Following a 10--1 vote -- Chris Daly dissenting, naturally -- at 11 p.m. Tuesday, the Board of Supervisors approved a $6.5 billion city budget. You don't get to the 11th hour -- quite literally -- without a bit of drama and controversy, and this budget process had both
Part of what makes passing a budget in San Francisco a process that takes longer than the World Cup is a somewhat problematic little clause of the City Charter. While the Board of Supervisors can allot money, the mayor is under no obligation to spend it. So when the board fights for "give-backs" to its favorite causes and nonprofits, it's all for naught unless a specific deal is worked out with the mayor assuring he will, indeed, spend the money.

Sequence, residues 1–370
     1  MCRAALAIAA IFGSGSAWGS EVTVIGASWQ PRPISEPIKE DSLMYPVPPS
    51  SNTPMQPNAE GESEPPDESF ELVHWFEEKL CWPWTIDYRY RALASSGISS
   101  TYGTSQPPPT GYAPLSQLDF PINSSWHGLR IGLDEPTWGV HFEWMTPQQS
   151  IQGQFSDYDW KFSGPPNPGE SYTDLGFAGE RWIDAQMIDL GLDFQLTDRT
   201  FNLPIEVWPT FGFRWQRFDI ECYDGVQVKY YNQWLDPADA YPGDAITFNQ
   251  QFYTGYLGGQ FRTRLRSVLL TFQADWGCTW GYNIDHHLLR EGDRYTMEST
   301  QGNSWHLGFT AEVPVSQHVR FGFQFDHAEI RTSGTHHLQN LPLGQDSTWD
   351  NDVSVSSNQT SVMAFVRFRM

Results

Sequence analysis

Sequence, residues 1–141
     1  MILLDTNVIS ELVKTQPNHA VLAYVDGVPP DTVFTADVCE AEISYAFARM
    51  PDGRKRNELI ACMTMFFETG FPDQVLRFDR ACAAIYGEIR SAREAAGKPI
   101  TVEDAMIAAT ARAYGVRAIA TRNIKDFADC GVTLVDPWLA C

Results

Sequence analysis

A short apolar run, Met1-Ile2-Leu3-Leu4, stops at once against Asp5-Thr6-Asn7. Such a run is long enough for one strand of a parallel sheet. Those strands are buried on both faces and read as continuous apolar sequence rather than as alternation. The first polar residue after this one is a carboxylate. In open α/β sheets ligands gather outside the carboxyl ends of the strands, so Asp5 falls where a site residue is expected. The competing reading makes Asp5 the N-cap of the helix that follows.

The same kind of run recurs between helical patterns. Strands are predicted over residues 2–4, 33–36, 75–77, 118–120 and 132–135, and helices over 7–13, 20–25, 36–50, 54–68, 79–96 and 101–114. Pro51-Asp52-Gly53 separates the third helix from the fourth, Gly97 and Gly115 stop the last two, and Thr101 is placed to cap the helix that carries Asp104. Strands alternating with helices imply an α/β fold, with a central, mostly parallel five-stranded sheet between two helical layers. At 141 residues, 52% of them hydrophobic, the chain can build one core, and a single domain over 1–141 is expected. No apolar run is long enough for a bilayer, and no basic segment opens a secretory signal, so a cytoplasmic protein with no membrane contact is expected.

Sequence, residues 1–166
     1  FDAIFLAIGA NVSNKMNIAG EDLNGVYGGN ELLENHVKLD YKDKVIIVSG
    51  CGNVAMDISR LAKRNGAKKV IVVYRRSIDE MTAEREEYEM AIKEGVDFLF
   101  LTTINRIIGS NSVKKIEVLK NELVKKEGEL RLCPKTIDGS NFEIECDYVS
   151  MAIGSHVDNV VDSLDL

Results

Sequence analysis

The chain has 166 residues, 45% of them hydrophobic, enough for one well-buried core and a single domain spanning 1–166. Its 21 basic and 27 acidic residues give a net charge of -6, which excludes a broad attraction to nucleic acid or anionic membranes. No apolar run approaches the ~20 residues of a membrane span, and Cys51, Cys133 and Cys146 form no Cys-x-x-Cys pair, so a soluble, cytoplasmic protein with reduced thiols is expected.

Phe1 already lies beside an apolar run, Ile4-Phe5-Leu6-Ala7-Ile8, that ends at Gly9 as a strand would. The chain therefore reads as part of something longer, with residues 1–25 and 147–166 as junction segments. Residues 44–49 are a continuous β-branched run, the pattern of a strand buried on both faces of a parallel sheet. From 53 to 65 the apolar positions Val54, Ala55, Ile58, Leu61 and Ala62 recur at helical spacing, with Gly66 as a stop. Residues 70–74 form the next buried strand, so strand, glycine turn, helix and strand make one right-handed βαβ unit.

So, after hours of closed-door sessions yesterday, the supes appear to have saved the $44 million in social services they'd been fighting for. And, in a move that certainly pleased Mayor Gavin Newsom, a few of his pet projects were resuscitated, too. But, more notably, potential charter amendments that would have given the supes a voice in making appointments to the Rent Board and Rec and Park Commission
The supes' charter amendment attempting to break the mayor's monopoly on making appointments to Muni's board
-- and, in general, gain more oversight of Muni, which essentially reports solely to the mayor
-- was held over until next week. So were the trio of progressive-backed tax measures
If you think all of this looks like odious, back-room dealmaking -- well, then you agree with Chris Daly. He was, after all, the lone vote against this budget.
The budget comes up for a final vote next week. Expect Daly to vote against it then, too. Follow us on Twitter at @TheSnitchSF